Interested in winning 10 million GBP of science prize money?

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Offline thedoc

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This new prize offers 10 million to individuals who can solve 6 pressing modern day problems.
Read a transcript of the interview by clicking here
or [chapter podcast=1000697 track=14.05.27/Naked_Scientists_Show_14.05.27_1002318.mp3] Listen to it now[/chapter] or [download as MP3]
« Last Edit: 27/05/2014 19:30:01 by _system »


Offline CliffordK

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Hmmm, this sounds a lot like the X-Prize.  I'm still waiting to see the first X-Prize 100mpg car hit the market.

  • First antibiotic resistance, ways in which for instance someone in Africa can decide cheaply and accurately whether they've got a viral disease or bacterial disease.

    We've had the ability go gram stain sputum samples for over a century which gives rudimentary bacteria/virus infection data, but that takes more work than diagnosing a patient, giving them a pill, charging them $200, and sending them out the door in 5 minutes.

    We are moving towards answers here, although getting solutions small and cheap may be a problem.  Antibody/antigen tests like the rapid strep test are getting more common.  In the future, I can foresee a more comprehensive antigen testing battery. 

    Alternatively one might do DNA probing, replication, and sequencing which might allow identification of not only the specific organism, but also identification of drug resistant strains.  Over time, it will be made smaller, cheaper, quicker, easier to process, and more accurate. 

  • Looking after patients with dementia.

    I'm not sure what you mean to look after patients.  We can do that.  One goal would be to prevent Alzheimer's disease, strokes, and mini-strokes.

  • Looking after people who have handicaps in mobility using advanced robotics and other techniques.

    Perhaps this is the one true advantage of sending our kids off to war is they come back broken...  and thus a tremendous effort to put Humpty Dumpty back together again.  This then benefits the rest of society.

    Perhaps in a few years we will be routinely growing replacement organs and body parts, although re-implantation may not be a quick and simple process.

  • Food for the world, new techniques to enable us more readily to feed 9 billion people.

    The easiest solution would be to convince the world to target a lower global population.  5 Billion?  1 Billion?  Well, at least easier in concept.

    There have been discussions about changes in agriculture.  In a sense, less dependence on animal products would be a benefit, although some animals can be grown on otherwise marginal farmland.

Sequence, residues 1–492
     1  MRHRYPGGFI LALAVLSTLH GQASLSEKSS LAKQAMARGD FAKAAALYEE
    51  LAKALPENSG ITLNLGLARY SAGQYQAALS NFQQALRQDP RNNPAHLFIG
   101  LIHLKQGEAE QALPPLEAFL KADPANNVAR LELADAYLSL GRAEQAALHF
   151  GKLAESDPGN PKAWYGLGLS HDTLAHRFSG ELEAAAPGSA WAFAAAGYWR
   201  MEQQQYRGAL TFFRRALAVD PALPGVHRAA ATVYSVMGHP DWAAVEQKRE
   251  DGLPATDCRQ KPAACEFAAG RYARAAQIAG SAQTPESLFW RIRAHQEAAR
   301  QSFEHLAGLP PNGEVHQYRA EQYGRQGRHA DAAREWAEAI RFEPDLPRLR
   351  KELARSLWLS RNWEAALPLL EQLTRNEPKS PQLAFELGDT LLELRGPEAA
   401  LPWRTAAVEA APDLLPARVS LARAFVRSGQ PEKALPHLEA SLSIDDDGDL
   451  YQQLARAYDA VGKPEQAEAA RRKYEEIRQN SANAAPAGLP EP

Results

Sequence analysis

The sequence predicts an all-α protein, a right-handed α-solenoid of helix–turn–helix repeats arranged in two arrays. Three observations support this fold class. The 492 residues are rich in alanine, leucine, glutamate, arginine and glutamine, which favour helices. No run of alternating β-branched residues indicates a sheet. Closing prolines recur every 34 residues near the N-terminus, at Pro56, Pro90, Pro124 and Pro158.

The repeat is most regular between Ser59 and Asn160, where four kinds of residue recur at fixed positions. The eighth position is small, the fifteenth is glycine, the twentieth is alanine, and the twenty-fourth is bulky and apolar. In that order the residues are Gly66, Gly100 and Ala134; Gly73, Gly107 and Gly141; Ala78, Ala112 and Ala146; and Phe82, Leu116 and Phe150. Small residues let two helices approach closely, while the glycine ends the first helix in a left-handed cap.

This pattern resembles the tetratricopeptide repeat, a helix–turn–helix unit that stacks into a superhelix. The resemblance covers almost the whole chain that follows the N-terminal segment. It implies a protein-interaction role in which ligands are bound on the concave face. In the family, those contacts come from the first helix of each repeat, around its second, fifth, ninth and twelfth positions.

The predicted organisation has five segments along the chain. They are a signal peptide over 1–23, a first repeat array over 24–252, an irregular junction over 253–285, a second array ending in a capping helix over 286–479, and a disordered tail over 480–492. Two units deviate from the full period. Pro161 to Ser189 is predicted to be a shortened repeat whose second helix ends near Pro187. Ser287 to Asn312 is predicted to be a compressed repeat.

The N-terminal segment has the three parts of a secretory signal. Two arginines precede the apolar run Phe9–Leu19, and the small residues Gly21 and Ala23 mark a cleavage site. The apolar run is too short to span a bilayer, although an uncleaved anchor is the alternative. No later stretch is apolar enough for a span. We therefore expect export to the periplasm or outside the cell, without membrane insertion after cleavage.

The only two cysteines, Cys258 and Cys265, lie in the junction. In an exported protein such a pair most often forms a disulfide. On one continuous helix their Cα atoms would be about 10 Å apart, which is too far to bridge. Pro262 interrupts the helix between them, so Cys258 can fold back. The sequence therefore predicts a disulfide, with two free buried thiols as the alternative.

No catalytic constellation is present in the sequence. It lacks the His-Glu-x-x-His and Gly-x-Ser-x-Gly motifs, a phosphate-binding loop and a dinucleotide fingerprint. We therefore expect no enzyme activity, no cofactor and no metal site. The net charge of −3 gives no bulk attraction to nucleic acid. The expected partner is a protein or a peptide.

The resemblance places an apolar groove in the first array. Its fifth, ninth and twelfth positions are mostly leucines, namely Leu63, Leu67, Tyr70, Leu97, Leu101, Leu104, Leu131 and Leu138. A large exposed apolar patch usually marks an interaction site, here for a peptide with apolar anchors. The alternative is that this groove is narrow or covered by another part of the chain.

Our "modern" agricultural practices can be expanded with more poisons, fertilizers, etc.  But, it isn't necessarily good, or sustainable agriculture.

  • Clean water for the world.  Many people are in places where they need to purify water or desalinate water.

    I'm not sure about this.  Western societies take clean water for granted.  Around here, one simply drills a hole in the ground and gets clean water back out.  There are, however, strict guidelines about well design and septic placement to prevent contamination of the wells and ground water reservoirs.  For example, 20 to 40 foot of impermeable casing is required to prevent surface water from reaching the well.

    Industrial contamination is a concern with regulations and efforts to prevent, and remediate industrial contamination.

    Public water is routinely treated with chlorine, and bleach can be used for treating smaller water supplies.  Small camping filters can be used for personal drinking water, as well as boiling the water, or other purification techniques. 

    There have been companies that have been using "reclaimed" water both for potable and non-potable use. 

    Algae generally isn't harmful, as well as many types of yeasts and bacteria, so water doesn't necessarily have to be "sterile".  The worst, of course, is if one mixes human waste with one's own drinking water.

    It is quite possible that the water that causes "traveler's diarrhea" is in fact not unhealthy for the local population who are used to the organisms in the water.  For example, there may be local strains of E-Coli GI bacteria that enters the drinking water, and is not harmful to those already exposed to it.

    The technology exists to give 100% of the people in the world "healthy" water.  Governments just need to invest in the infrastructure to do it. 

    Of course, some of it comes back to overpopulation.  Control the population, and there is less of an increasing demand for resources beyond what we already have.

  • In the transport area, perhaps a way of moving towards zero carbon flight.

    I believe there have been experiments using biodiesel for jet fuel.  Not necessarily "zero carbon", but it can be done as carbon neutral. 

    Zeppelins can, of course, be made with low carbon consumption, but they don't meet the rapidity requirements of modern transportation demands. 

    Many countries are moving to high speed rail which can effectively compete with aircraft for domestic transportation, and the trains can be powered by electricity, or just about any other energy source.

    I believe their have been long distance electric and solar flights, but I'm dubious about the commercial applications.  Perhaps one could move to compressed gas fuels, but commercial aircraft requirements may make it impractical due to safety constraints and the added weight of the compressed fuel containers.

    Perhaps one could use liquefied cryogenic fuels, which, of course, have different safety considerations including icing and condensation.